Developing a universal reading comprehension intervention for mainstream primary schools within areas of social deprivation for children with and without language-learning impairment: a feasibility study

Elspeth McCartney, Jim Boyle, Susan Ellis

Research output: Contribution to journalArticle

Abstract

Some children in areas of social deprivation in Scotland have lower reading attainments than neighbouring children in less deprived areas, and also lower spoken language comprehension skills than expected by assessment norms. There is a need to develop effective reading comprehension interventions that fit easily into the school curriculum that can benefit all pupils. A feasibility study of reading comprehension strategies with good evidence of efficacy was undertaken in three mainstream primary schools in an area of social deprivation in west central Scotland, to decide whether further investigation of this intervention was warranted.
Aims were to measure comprehension of spoken language and reading via standardised assessments towards the beginning of the school year (T1) in mainstream primary school classrooms within an area of social deprivation; to have teachers introduce previously-validated text comprehension strategies, and to measure change in reading comprehension outcome measures towards the end of the year (T2).
A pre- and post-intervention cohort design was used. Reading comprehension strategies were introduced to staff in participating schools and used throughout the school year as part of on-going reading instruction. Spoken language comprehension was measured by TROG-2 at T1, and reading progress by score changes T1-T2 on the WIAT-IIUK-T reading comprehension scale.
Forty-seven pupils in five classes in three primary schools took part: 38% had TROG-2 scores below the 10th centile. As a group, children made good reading comprehension progress, with a medium standardised effect size of 0.46. Children with TROG-2 scores below 10%ile had lower mean reading scores than others at T1 and T2, although with considerable overlap. However, TROG-2 did not make a unique contribution to reading progress: children below 10%ile made as much progress as other children. The outcomes suggest this intervention warrants further investigation in larger, controlled, studies.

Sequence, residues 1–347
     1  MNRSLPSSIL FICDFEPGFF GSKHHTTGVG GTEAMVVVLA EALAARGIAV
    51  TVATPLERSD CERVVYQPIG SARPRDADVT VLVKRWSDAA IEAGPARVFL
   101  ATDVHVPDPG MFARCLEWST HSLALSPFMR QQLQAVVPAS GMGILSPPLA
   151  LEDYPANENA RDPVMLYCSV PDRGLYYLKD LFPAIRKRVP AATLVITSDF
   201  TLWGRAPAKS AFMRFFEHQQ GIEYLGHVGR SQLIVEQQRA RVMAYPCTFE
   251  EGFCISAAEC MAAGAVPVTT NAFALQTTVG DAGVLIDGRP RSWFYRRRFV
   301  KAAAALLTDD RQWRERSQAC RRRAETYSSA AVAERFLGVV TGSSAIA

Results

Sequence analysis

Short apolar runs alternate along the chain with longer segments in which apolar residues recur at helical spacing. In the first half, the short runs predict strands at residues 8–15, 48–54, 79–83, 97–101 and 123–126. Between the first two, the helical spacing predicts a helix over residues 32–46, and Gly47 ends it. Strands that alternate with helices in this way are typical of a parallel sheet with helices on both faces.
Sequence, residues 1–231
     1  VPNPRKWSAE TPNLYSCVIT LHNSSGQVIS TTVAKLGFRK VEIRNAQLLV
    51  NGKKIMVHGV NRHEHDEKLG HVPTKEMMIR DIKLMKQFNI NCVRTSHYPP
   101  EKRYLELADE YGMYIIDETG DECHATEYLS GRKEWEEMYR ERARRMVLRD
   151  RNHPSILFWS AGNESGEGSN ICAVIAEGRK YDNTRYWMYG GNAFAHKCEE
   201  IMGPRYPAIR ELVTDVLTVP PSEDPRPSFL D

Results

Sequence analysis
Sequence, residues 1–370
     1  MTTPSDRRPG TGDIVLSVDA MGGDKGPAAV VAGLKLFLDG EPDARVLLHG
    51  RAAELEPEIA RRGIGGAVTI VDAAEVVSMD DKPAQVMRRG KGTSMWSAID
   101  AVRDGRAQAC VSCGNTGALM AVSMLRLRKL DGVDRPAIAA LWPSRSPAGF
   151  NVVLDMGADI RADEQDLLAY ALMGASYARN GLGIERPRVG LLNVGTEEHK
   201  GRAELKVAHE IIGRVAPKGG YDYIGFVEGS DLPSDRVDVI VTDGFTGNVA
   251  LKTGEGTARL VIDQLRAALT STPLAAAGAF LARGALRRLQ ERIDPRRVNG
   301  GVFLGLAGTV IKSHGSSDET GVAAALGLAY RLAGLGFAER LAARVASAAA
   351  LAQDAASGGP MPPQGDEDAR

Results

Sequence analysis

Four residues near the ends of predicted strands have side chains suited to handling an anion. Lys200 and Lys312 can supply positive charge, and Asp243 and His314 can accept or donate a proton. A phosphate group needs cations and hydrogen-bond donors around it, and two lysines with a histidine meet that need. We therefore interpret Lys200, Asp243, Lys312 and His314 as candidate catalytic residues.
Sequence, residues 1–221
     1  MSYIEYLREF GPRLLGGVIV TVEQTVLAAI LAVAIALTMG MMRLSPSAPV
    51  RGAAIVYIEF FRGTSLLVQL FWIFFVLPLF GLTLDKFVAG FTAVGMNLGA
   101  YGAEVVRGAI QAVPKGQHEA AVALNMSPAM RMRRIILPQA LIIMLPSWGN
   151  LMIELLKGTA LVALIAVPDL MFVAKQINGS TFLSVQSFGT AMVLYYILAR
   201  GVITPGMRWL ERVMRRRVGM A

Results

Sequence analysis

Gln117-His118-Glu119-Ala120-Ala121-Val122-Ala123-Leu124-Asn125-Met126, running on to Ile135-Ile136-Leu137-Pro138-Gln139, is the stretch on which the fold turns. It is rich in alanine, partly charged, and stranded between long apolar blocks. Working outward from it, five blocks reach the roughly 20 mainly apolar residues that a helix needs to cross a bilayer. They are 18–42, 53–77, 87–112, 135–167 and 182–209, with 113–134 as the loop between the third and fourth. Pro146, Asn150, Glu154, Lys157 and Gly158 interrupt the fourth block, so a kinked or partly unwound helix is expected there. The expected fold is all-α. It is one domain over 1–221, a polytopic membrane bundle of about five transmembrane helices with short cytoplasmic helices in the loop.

LanguageEnglish
Number of pages20
JournalInternational Journal of Language and Communication Disorders
Early online date2 Sep 2014
DOIs
Publication statusPublished - 2014

Fingerprint

social deprivation
Feasibility Studies
primary school
Reading
comprehension
Language
Learning
language
learning
spoken language
Scotland
Pupil
school
pupil
Reading Comprehension
Language-learning Impairment
Deprivation
Primary School
reading instruction
Curriculum

Keywords

  • reading comprehension
  • intervention
  • primary schools
  • mainstream
  • social deprivation
  • children
  • language-learning impairment

Cite this

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abstract = "Some children in areas of social deprivation in Scotland have lower reading attainments than neighbouring children in less deprived areas, and also lower spoken language comprehension skills than expected by assessment norms. There is a need to develop effective reading comprehension interventions that fit easily into the school curriculum that can benefit all pupils. A feasibility study of reading comprehension strategies with good evidence of efficacy was undertaken in three mainstream primary schools in an area of social deprivation in west central Scotland, to decide whether further investigation of this intervention was warranted.Aims were to measure comprehension of spoken language and reading via standardised assessments towards the beginning of the school year (T1) in mainstream primary school classrooms within an area of social deprivation; to have teachers introduce previously-validated text comprehension strategies, and to measure change in reading comprehension outcome measures towards the end of the year (T2). A pre- and post-intervention cohort design was used. Reading comprehension strategies were introduced to staff in participating schools and used throughout the school year as part of on-going reading instruction. Spoken language comprehension was measured by TROG-2 at T1, and reading progress by score changes T1-T2 on the WIAT-IIUK-T reading comprehension scale. Forty-seven pupils in five classes in three primary schools took part: 38{\%} had TROG-2 scores below the 10th centile. As a group, children made good reading comprehension progress, with a medium standardised effect size of 0.46. Children with TROG-2 scores below 10{\%}ile had lower mean reading scores than others at T1 and T2, although with considerable overlap. However, TROG-2 did not make a unique contribution to reading progress: children below 10{\%}ile made as much progress as other children. The outcomes suggest this intervention warrants further investigation in larger, controlled, studies.",
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